Who Got Next: Creating Pipelines For Girls Of Color To Be On The Ballot

Organizations must nourish and buttress the political ambitions of young black and brown women.
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With headlines like, “Women, people of color, and LGBTQ candidates who made history in the 2017 election,” and newly elected leaders such as LaToya Cantrell, Andrea Jenkins, Hala Ayala, Danica Roem, and Braxton Winston, I am reminiscent of the my major introduction to an unsung “first” in US politics.

My parents bought a children’s book of firsts that highlights the life and work of Shirley Chisholm. Chisholm’s campaign promise that she was unbought and unbossed was unforgettable. She became the first black woman elected to the United States Congress and then, first black person and first woman to run for President of the United States for a major political party – that’s before Hillary Clinton, before Barack Obama, before Jesse Jackson. Her political career was a real inspiration of what was possible for me, a girl with roots in the Caribbean who lived in Bushwick during the 1980s.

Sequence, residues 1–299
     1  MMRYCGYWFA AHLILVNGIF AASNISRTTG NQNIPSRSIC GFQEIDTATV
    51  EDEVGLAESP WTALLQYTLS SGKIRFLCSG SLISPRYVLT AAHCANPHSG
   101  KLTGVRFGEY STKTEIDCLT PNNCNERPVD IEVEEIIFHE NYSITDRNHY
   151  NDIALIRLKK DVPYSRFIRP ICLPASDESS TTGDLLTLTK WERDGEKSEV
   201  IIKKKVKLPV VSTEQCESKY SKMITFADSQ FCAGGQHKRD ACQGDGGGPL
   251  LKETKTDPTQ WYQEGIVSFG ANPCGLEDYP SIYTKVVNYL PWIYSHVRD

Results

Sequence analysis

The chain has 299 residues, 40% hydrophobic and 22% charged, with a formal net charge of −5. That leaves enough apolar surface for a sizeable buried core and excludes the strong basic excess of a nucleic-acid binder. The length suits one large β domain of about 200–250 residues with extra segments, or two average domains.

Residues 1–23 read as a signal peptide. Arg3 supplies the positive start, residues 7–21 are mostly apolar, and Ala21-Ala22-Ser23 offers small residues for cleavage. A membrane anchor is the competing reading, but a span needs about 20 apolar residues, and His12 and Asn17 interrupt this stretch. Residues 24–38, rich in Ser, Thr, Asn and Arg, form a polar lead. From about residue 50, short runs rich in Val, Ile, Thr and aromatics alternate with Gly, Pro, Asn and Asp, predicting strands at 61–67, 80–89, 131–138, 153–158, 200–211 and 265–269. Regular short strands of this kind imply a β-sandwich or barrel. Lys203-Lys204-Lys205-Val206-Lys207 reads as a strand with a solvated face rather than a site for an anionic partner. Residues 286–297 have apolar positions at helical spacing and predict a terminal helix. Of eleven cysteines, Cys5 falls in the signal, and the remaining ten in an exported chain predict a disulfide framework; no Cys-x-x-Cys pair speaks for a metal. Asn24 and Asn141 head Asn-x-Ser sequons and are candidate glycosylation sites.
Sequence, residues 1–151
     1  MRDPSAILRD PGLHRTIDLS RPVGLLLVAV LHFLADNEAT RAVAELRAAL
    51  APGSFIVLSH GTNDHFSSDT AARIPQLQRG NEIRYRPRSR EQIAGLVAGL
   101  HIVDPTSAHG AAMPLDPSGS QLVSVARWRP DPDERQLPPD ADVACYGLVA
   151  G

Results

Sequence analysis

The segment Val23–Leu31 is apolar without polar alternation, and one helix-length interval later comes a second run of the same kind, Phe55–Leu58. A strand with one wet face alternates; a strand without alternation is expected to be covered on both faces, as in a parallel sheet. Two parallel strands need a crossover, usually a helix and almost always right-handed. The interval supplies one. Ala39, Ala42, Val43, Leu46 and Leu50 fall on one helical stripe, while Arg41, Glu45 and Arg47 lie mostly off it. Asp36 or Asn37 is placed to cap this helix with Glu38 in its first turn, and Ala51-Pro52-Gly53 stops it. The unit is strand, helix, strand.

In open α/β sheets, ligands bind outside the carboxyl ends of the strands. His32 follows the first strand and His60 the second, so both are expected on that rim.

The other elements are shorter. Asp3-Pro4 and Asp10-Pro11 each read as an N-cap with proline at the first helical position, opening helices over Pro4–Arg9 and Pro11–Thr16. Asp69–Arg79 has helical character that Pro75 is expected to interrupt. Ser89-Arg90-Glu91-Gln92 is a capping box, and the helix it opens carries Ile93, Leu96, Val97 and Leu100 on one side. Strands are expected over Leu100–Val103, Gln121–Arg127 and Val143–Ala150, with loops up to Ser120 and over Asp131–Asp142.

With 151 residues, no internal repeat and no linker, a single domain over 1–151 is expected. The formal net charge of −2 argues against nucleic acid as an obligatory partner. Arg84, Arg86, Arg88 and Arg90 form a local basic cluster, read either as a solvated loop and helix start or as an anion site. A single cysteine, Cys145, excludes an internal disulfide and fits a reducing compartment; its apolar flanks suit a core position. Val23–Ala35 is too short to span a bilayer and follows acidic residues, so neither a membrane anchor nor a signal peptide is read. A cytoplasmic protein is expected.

At a time when it feels we are living through the most twisted episode of “The Twilight Zone,” our youth and families seem to be under constant attack because of their gender, race and ethnicity, immigration status, abilities and more. They are witnessing a presidential administration that won by championing some of the most overused phrases of bigotry. Despite successes like three Congressional women getting in formation to create the first Congressional Caucus on Black Women and Girls, and the local and national impact of New York City’s Young Women’s Initiative, there are still so many spaces in which girls of color are shortchanged. Even more marginalized and discounted are our gender non-conforming youth of color and transgender girls of color.